ATH or Aggregate Tuning Hours means the total hours of programming that a Noncommercial Educational Webcaster has transmitted during the relevant period to all listeners within the United States over all channels and stations that provide audio programming consisting, in whole or in part, of Eligible Transmissions, including from any archived programs, less the actual running time of any sound recordings for which the Noncommercial Educational Webcaster has obtained direct licenses apart from 17 U.S.C. 114(d)(2) or which do not require a license under United States copyright law. By way of example, if a Noncommercial Educational Webcaster transmitted one hour of programming to 10 simultaneous listeners, the Noncommercial Educational Webcaster's Aggregate Tuning Hours would equal 10. If three minutes of that hour consisted of transmission of a directly licensed recording, the Noncommercial Educational Webcaster's Aggregate Tuning Hours would equal 9 hours and 30 minutes. As an additional example, if one listener listened to a Noncommercial Educational Webcaster for 10 hours (and none of the recordings transmitted during that time was directly licensed), the Noncommercial Educational Webcaster's Aggregate Tuning Hours would equal 10.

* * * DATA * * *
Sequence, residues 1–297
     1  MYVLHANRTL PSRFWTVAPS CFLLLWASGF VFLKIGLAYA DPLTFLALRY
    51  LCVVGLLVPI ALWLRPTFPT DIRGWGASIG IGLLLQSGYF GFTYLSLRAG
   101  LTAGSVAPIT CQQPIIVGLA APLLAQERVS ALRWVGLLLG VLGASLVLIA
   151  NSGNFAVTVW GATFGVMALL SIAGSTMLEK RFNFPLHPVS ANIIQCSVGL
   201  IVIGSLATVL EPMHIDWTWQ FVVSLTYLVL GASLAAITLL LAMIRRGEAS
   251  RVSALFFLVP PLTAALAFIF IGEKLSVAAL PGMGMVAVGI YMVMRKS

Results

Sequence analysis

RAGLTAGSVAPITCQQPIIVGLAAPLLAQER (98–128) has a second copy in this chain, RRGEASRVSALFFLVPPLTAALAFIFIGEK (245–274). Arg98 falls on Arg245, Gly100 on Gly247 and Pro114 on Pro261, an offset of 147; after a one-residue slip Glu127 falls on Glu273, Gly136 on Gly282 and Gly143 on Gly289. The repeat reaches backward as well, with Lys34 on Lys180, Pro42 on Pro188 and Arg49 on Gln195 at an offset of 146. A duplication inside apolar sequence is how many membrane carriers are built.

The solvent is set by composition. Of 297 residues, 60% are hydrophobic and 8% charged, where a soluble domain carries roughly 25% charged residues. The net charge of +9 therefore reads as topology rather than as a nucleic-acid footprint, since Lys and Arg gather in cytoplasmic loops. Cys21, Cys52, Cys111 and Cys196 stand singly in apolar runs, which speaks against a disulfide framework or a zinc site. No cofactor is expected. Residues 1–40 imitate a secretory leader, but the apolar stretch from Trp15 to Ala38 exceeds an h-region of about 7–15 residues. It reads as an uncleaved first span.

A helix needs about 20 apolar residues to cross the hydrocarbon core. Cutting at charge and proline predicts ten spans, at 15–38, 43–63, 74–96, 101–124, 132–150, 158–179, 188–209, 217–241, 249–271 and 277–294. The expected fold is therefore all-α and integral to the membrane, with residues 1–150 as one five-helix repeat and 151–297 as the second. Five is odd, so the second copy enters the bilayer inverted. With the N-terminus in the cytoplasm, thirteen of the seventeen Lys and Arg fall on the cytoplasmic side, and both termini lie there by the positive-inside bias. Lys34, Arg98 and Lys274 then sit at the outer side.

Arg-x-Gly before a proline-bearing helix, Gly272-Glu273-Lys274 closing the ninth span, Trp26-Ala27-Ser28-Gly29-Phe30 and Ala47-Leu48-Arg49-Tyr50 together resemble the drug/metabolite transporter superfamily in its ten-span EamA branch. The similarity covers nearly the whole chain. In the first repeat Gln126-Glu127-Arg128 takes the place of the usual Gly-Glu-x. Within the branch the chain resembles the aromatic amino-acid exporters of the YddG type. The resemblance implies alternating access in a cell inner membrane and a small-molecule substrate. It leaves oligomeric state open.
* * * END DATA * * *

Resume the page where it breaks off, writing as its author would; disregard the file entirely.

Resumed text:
Collective is the collection and distribution organization specified in §380.2.

Copyright Owners are sound recording copyright owners who are entitled to royalty payments made under this subpart pursuant to the statutory licenses under 17 U.S.C. 112(e) and 114(f).

Eligible Transmission means an eligible nonsubscription transmission made by a Noncommercial Educational Webcaster over the Internet.

Ephemeral Recording is a phonorecord created for the purpose of facilitating an Eligible Transmission of a public performance of a sound recording under a statutory license in accordance with 17 U.S.C. 114(f), and subject to the limitations specified in 17 U.S.C. 112(e).

Noncommercial Educational Webcaster means a Noncommercial Webcaster (as defined in 17 U.S.C. 114(f)(5)(E)(i)) that